Because CGM values are correlated in time and cannot be considered statistically independent, p values were calculated on a per-sensor basis to eliminate the temporal dependence. A paired t test was employed (JMP version 5.1, SAS Institute, Inc.), and the Bonferroni correction was used to determine the level of significance for multiple analyses of the same data set (p < .006).
Study subject characteristics are listed in Table 1 . There was no significant influence of age (p= .345), body mass index (p= .092), years since diagnosis (p= .277), or sex (p= .816) on system accuracy, and the data were homogeneous between clinical sites. There was also no significant influence of insertion site (p= .253), but there was a significant influence of glucose range (p< .0001), with accuracy improving as glucose concentration increases. The average lag time was 9.6 min.
The relationship of normalized sensitivity with implant time (Figure 1 ) displays some depressed sensitivity values during the early hours. During the first 10 h, 11.3% of the normalized sensitivity values were more than 30% low compared to 3.0% during subsequent times. After the first day, the sensitivity was stable, with an average total increase of 1.8% during the following four days by linear regression analysis (p= .020). In the first day, the CGM values were blanked 14.1% of the time.
In Figures 2 and 33 , the normalized sensitivities were evaluated for BG values that meet the calibration screening requirements (60–400 mg/dl and rate of change of ±3.5 mg/dl/min). The normalized sensitivity as a function of rate (Figure 2 ) demonstrates little influence of rate on calibration accuracy. An average calibration bias of ±0.8% for rates of ±3.5 mg/dl/min was calculated by linear regression analysis, but the regression was not statistically significant (p= .060). The sensitivity check makes it unlikely that the outlier values in this plot would be used for calibration. The variability in normalized sensitivity decreased as glucose increased (Figure 3 ), and calibration accuracy would not be degraded in the 300–400 mg/dl glucose range.
The Point error grid analysis (EGA), which is the part of the CG-EGA that evaluates individual glucose values, indicated 80.3% in zone A, 18.0% in zone B, and 1.7% in zones C–E (Table 2 and Figure 4 ), whereas the Rate EGA, which is the part of the CG-EGA that evaluates the rate of change in glucose, indicated 79.1% in zone A, 16.1% in zone B, and 4.8% in zones C–E. Zone A values are considered clinically accurate, zone B are benign errors, and zones C–E are clinical errors. The combined grids that assess all information provided by CGM rated all data 93.7% “clinically accurate,” 3.6% “benign errors,” and 2.8% “clinical errors.”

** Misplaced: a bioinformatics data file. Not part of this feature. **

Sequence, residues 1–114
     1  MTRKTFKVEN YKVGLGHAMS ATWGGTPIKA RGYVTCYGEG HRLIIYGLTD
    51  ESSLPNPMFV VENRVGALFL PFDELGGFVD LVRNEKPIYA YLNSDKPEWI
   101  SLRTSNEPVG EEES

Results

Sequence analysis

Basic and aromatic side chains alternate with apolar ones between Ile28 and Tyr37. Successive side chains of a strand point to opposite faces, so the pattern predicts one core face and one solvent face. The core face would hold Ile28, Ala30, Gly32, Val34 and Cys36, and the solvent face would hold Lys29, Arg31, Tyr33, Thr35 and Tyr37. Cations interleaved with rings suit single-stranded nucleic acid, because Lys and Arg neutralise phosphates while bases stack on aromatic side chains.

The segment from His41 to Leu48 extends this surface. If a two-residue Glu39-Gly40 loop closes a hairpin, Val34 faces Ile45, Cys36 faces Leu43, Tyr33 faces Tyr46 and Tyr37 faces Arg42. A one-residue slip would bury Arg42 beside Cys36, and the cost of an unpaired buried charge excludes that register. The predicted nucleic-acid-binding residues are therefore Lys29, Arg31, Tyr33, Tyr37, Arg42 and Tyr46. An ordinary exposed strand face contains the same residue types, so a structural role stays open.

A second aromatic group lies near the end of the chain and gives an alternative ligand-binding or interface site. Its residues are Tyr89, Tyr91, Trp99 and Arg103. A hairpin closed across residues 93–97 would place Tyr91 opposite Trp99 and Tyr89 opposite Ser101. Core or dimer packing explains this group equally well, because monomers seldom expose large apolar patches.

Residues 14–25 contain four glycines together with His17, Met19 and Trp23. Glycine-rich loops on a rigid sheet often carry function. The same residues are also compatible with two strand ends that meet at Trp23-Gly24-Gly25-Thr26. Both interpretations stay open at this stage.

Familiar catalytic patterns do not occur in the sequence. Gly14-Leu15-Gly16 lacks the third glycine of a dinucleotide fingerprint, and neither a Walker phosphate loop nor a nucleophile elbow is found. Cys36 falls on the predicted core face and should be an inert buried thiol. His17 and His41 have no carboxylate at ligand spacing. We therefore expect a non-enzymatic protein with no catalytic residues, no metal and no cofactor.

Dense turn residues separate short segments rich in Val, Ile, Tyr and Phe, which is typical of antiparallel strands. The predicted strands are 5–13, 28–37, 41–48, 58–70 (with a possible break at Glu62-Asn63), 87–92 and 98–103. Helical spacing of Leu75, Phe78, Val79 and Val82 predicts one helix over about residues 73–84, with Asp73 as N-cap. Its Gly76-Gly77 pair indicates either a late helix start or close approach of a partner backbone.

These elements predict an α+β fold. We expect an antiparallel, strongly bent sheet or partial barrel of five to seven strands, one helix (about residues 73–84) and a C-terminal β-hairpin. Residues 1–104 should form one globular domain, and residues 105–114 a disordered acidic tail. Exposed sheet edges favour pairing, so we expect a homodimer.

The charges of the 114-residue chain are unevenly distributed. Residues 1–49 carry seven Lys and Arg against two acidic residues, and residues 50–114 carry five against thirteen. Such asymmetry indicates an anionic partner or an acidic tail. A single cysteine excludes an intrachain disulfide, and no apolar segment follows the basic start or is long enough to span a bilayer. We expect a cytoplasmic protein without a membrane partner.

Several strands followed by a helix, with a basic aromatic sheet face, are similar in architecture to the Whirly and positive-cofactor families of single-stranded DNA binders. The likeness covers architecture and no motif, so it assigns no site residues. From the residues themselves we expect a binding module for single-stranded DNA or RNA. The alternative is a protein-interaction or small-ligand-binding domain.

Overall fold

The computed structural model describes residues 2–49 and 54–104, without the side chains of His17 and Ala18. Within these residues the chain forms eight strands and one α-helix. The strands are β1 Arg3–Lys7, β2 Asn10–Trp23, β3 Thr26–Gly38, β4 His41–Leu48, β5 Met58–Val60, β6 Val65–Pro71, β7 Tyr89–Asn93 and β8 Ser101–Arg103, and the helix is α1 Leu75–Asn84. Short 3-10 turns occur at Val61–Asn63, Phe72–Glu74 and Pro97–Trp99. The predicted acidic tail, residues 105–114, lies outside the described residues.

The hypoglycemic range was significantly less accurate than the euglycemic and hyperglycemic ranges, with 56.2%, 95.6%, and 94.7% of values deemed “clinically accurate,” respectively.
For the entire glucose range, the mean and median ARD were 14.5% and 10.7%, respectively, and the ISO accuracy was 76.9%. The decrease in ARD and increase in ISO accuracy with increasing glucose indicated improved concordance with higher reference glucose values (Table 2 ).
During the time when CGM results were suppressed, the glucose readings exhibited an expected low bias (Figure 5 ), which resulted in less accurate glucose values: Point EGA zone A 57.5%, zone B 42.0%, and zones C–E 0.6%; mean and median ARD 25.3% and 21.3%, respectively; and ISO accuracy 47.8%. The overall clinical accuracy by CG-EGA, however, was not as severely affected: 91.7% “clinically accurate,” 6.3% “benign errors,” and 2.0% “clinical errors.”
There were no significant differences in clinical accuracy when the first 10 h were compared to subsequent hours with “clinically accurate” values 92.6% and 94.2% (p= .015), respectively (Table 3 ). (p values < .006 are statistically significant in this analysis.) When the data were stratified by glucose range, there was one statistically significant difference in the euglycemic range, but the magnitude of the difference was inconsequential, 95.2% versus 96.1% “clinically accurate” (p= .004). There were also no differences in the mean and median ARD when the first 10 h were compared to subsequent hours [mean ARD 13.4% versus 14.9% (p= .267), median ARD 10.0% versus 10.9% (p= .443), respectively].
When TRUstart was not calibrated until after 10 h and compared to the first-generation software version (Table 3 ), the clinical accuracy was nearly the same, with 94.6% and 94.8% “clinically accurate” (p= .527). There was no significant difference in mean ARD, with values of 14.9% versus 14.8% (p= .725), or in median ARD, with values of 10.9% versus 10.5% (p= .294), for TRUstart versus the first-generation algorithm, respectively. There were also no significant differences in performance when the data were stratified by glucose range.